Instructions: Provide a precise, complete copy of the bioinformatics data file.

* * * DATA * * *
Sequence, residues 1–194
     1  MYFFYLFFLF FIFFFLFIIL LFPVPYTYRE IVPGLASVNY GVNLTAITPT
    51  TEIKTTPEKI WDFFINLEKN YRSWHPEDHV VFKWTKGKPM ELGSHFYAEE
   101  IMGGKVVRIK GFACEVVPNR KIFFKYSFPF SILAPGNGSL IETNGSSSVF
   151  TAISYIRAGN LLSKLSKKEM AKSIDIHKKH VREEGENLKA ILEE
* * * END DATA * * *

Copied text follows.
Sequence, residues 1–194
     1  MYFFYLFFLF FIFFFLFIIL LFPVPYTYRE IVPGLASVNY GVNLTAITPT
    51  TEIKTTPEKI WDFFINLEKN YRSWHPEDHV VFKWTKGKPM ELGSHFYAEE
   101  IMGGKVVRIK GFACEVVPNR KIFFKYSFPF SILAPGNGSL IETNGSSSVF
   151  TAISYIRAGN LLSKLSKKEM AKSIDIHKKH VREEGENLKA ILEE